Indoctrination Essay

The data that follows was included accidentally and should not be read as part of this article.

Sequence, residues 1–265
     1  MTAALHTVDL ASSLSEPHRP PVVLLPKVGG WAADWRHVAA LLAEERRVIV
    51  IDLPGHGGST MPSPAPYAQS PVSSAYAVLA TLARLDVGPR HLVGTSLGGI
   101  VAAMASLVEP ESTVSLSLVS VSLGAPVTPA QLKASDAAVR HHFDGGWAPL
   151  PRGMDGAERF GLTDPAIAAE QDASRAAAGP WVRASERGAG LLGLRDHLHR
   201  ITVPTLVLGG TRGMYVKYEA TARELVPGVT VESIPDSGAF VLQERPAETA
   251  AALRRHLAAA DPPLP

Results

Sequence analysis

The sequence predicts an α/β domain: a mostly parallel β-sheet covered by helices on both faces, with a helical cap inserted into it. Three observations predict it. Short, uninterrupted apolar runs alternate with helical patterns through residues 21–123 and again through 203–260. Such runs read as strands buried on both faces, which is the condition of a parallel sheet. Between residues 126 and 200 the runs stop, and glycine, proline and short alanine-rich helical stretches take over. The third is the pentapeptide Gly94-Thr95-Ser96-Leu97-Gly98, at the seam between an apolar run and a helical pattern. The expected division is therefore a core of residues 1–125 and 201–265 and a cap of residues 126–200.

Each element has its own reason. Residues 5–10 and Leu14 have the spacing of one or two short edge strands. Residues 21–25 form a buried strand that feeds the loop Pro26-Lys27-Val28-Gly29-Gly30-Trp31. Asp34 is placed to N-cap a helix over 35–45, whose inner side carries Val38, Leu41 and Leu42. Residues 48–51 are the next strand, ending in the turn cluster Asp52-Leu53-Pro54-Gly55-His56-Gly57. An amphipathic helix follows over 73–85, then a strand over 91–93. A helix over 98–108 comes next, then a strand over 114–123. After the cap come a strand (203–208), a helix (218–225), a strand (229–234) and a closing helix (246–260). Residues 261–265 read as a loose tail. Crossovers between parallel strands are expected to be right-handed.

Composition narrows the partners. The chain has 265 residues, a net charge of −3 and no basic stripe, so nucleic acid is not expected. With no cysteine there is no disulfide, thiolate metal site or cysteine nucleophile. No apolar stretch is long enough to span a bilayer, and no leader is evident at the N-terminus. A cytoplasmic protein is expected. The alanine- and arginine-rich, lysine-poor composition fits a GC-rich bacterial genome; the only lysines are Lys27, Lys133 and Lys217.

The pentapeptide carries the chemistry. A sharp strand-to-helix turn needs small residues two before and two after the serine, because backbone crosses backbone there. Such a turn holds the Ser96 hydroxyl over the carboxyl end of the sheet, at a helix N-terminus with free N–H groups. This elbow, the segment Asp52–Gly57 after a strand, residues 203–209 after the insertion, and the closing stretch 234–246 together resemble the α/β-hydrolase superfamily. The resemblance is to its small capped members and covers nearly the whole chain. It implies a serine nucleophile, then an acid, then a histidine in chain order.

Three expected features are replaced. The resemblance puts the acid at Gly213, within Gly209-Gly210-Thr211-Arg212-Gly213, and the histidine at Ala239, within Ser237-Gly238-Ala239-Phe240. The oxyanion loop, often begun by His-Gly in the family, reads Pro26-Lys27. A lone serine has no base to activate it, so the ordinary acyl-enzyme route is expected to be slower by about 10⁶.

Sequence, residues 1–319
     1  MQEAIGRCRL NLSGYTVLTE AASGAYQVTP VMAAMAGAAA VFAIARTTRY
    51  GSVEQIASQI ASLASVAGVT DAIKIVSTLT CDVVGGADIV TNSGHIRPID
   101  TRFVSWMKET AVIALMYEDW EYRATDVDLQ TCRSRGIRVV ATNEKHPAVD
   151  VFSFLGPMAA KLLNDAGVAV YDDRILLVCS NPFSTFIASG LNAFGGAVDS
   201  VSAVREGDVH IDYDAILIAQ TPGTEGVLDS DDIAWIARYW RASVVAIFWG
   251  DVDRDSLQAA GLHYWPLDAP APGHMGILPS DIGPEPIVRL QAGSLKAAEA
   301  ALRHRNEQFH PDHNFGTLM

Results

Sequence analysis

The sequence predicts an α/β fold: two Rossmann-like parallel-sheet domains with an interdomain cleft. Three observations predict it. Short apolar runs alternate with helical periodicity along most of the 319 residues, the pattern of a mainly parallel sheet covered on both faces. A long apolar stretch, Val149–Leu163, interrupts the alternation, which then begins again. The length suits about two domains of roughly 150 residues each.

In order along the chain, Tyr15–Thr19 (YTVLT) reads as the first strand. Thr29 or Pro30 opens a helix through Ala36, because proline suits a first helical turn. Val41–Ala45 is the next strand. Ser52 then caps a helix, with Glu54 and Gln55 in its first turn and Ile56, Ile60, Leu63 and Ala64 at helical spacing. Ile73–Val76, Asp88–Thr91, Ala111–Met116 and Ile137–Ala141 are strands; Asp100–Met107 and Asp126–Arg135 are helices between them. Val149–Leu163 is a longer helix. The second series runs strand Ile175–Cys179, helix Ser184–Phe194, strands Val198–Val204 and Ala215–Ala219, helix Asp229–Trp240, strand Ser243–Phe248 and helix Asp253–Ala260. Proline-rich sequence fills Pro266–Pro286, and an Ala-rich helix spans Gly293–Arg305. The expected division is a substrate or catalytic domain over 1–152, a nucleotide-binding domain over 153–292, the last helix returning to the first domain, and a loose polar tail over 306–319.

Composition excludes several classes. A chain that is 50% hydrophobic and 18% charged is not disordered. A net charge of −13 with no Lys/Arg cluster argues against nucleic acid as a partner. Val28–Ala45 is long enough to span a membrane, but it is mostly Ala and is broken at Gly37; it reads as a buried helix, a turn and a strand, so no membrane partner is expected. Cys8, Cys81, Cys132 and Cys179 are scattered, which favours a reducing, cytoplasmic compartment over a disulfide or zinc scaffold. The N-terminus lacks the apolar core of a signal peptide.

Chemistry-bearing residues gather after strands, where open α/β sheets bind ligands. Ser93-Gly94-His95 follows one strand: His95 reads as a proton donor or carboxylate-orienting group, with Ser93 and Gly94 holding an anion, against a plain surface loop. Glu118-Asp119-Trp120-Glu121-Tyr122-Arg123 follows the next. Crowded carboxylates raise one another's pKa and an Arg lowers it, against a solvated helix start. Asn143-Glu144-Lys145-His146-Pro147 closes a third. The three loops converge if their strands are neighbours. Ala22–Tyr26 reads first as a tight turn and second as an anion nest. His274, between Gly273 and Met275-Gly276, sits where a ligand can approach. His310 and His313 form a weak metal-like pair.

Cyril Connoly once said, ‘While thoughts exist, words are alive and literature becomes an escape, not from, but into living.’ Truly, thoughts are our keys to open the gates of freedom and get away from man’s world of madness and hopelessness. However, if these thoughts are suppressed, then men will lose all sense of individuality and living will become pointless. Dystopian literature, a fictional writing that explores ‘social and political structures in a dark, nightmare world’ or ‘the negative utopia’, contains this repression of thoughts (Dystopian literature & Fromm 316). Dystopian literature is written to startle and awaken the reader to the fact that our world is not perfect, but it is dangerous and deceitful where men can be dehumanized into machines. In negative Utopia, man is powerless and hopeless because ‘oppressive societal control and the illusion of a perfect society are maintained through ‘ totalitarian control’ (Dystopias & Fromm 316). An example of a Dystopian Literature is George Orwell’s 1984, in which Orwell envisions an abusive encroachment of government using ‘corporate, bureaucratic, and technological control’ (Dystopias). Orwell presents an alarming perspective on modern society which stems from Hitler’s Nazi Germany and Stalin’s Soviet Union; in this dystopian novel, Orwell advocates that his audience must be aware that a government can unjustifiably indoctrinate our children and transform them into mindless drones without us knowing.